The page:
“I think there is incredible value in us simply preaching the essence of this encyclical,” he said. “I think there are so many opportunities that we’ll have on the local level to engage this encyclical.”
Bambera also heads the U.S. Bishops’ committee dedicated to interreligious dialogue, one of the key topics Francis addresses in his encyclical. Bambera said Francis’s vision aligns with what his committee is already doing, but Fratelli Tutti “raises the urgency” of its work.
“There are so many things that vy for our attention as a Church,” he said. “This once again catapults [interreligious dialogue] to the forefront of the Church. It’s not an afterthought, it’s not something we did after the [Second Vatican] Council and we can shelve.”
Can war be just?
Perhaps the most novel section of the encyclical, though, focuses on the morality of warfare as a path to peace. Francis casts doubt on the enduring value of the just war tradition, writing that, given the destructive power of modern weapons, war’s costs “probably always” outweigh its benefits.
Debates about the meaning of Francis’s double modifier have already taken off, and U.S. scholars are weighing in on both sides.
Maryann Cusimano Love, a professor of international relations at the Catholic University of America, suggested that Francis’s anti-war message is clear.
“Francis is putting it in very practical terms, saying, ‘you can’t build peace by war,’” she said, noting the pope’s rebuke of the innocent deaths caused by war. “He really calls out how just war tradition has been misused, in his terms, to justify war, rather than the true spirit which was to build peace.”
But some are questioning that interpretation, saying that the pope does not rule out building peace through military means, such as armed actions by the United Nations.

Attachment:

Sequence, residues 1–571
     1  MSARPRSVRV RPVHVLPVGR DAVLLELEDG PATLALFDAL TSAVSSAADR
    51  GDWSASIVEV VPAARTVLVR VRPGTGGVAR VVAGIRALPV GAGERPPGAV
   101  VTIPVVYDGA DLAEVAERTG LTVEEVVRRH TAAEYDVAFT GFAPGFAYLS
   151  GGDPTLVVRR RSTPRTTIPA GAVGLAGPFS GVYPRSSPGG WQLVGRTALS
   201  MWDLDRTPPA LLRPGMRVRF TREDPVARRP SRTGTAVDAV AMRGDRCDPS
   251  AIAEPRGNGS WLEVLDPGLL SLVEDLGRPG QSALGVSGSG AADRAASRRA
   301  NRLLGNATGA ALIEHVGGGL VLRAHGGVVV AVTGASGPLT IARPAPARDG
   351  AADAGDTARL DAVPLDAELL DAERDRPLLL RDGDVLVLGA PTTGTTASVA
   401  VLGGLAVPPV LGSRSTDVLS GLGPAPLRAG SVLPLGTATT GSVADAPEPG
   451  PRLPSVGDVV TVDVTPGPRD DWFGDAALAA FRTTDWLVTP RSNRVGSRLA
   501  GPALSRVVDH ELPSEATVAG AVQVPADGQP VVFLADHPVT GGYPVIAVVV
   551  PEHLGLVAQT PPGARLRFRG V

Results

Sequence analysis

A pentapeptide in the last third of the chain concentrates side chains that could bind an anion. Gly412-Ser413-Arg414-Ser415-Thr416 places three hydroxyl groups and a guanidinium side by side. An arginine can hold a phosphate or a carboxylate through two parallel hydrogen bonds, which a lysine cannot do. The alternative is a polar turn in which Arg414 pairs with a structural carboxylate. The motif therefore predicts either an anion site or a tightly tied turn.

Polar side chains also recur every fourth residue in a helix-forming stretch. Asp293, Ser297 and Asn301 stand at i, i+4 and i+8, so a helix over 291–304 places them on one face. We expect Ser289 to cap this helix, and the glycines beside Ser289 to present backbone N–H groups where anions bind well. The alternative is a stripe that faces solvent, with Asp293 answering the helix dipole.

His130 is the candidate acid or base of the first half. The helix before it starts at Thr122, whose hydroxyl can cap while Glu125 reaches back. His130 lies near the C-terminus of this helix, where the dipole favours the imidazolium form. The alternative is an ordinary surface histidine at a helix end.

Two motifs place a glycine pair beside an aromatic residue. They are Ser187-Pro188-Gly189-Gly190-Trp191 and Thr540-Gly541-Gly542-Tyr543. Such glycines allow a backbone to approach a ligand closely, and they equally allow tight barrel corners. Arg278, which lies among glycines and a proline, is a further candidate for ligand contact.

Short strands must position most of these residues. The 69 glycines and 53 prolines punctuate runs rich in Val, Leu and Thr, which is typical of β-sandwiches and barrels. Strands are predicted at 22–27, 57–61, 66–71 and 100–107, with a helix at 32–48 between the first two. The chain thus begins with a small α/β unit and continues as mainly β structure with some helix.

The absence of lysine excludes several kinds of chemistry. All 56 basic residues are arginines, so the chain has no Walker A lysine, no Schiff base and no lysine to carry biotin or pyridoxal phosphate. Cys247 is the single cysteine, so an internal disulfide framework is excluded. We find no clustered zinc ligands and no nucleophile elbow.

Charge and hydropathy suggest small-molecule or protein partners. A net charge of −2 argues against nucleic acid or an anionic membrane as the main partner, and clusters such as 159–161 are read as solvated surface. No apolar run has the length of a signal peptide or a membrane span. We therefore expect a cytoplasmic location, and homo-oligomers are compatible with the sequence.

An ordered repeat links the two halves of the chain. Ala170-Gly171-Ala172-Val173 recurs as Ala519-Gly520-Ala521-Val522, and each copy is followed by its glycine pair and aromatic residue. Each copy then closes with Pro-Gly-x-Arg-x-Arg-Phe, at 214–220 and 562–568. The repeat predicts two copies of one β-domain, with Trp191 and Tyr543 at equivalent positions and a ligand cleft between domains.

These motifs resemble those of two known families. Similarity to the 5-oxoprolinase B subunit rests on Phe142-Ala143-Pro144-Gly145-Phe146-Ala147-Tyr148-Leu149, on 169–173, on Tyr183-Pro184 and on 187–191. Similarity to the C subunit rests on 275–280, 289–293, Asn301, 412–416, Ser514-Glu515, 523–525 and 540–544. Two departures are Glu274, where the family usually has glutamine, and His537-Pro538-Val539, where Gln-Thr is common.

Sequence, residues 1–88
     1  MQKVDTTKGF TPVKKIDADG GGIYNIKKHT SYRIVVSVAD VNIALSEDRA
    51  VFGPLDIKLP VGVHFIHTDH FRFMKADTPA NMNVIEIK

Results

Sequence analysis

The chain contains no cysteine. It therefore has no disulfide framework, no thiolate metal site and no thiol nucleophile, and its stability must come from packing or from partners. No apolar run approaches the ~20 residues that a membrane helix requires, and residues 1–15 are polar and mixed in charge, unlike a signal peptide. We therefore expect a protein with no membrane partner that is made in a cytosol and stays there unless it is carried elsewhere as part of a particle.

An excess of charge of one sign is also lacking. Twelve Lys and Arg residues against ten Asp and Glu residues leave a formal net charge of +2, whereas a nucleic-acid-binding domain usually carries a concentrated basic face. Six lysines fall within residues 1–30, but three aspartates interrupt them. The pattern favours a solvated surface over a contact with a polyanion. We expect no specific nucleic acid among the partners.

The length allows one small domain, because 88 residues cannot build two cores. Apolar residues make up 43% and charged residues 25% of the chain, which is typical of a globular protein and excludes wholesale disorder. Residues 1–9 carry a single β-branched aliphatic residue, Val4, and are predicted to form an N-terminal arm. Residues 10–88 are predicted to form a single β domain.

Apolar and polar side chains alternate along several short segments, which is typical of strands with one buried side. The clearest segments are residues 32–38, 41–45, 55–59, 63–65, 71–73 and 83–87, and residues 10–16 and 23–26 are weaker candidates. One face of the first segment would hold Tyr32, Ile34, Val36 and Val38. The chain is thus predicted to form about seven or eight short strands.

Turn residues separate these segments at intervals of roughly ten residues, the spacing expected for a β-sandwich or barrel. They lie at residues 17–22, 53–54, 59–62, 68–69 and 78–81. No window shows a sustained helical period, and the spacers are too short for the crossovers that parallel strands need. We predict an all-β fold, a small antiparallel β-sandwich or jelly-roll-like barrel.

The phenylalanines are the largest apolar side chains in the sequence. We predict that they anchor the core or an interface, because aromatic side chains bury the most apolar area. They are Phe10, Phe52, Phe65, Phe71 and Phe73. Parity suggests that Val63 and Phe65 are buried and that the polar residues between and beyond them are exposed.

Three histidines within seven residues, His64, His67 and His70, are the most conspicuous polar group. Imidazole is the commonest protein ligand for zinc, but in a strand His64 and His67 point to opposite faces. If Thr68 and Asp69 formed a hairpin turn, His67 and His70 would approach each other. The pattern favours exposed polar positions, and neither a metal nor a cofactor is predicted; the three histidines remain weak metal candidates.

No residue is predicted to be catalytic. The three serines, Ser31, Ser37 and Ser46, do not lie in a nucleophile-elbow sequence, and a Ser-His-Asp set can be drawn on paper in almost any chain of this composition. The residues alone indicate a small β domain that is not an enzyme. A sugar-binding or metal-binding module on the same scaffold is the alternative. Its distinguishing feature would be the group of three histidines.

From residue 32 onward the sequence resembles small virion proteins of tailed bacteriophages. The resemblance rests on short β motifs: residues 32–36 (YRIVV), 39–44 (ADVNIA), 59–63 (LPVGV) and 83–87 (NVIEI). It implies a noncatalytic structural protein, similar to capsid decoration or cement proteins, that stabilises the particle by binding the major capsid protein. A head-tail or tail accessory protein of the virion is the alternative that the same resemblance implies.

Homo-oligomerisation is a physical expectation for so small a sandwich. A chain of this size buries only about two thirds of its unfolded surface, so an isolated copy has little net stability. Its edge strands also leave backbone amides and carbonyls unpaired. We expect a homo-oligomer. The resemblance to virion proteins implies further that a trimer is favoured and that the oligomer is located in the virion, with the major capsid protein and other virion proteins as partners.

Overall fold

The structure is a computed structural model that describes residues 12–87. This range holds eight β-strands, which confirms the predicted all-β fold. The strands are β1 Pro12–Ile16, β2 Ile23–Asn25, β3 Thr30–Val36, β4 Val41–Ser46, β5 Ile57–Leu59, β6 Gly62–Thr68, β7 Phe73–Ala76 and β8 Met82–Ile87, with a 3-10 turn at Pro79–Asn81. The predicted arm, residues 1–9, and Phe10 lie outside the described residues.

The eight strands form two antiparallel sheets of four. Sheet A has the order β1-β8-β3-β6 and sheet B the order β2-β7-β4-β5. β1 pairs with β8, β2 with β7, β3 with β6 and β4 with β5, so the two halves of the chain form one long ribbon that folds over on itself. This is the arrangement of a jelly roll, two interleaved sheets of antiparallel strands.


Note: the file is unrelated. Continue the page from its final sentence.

UN intervention “could be justified according to Francis, especially if it is based in nonviolence, and does not incite further violence on the part of the engaged parties in the conflict,” said Daniel Cosacchi, the Director of the Justice and Peace Studies Program at Marywood University in Scranton, Pennsylvania.
But Father Drew Christiansen, a senior fellow at Georgetown University’s Berkley Center for Religion, Peace, and World Affairs, said interpretations like Cosacchi’s miss the point.
“In principle you may support humanitarian intervention, even with military means, but in practice it’s too often made an excuse for going to war,” the Jesuit priest said.
Differing interpretations of Fratelli Tutti on issues such as just war could take some time to iron out before the U.S. Bishops can use the encyclical as a teaching tool, Christiansen said.
“It’s a long, long encyclical and it’s going to take a lot of work to popularize it. If the Church organizes to do it, it can do it,” the Jesuit priest told Crux. “The question is how hard will conservative clergy… take this on and make it a living part of the tradition.”
“I think it will be difficult in the United States,” he added.
Charles Collins contributed to this report.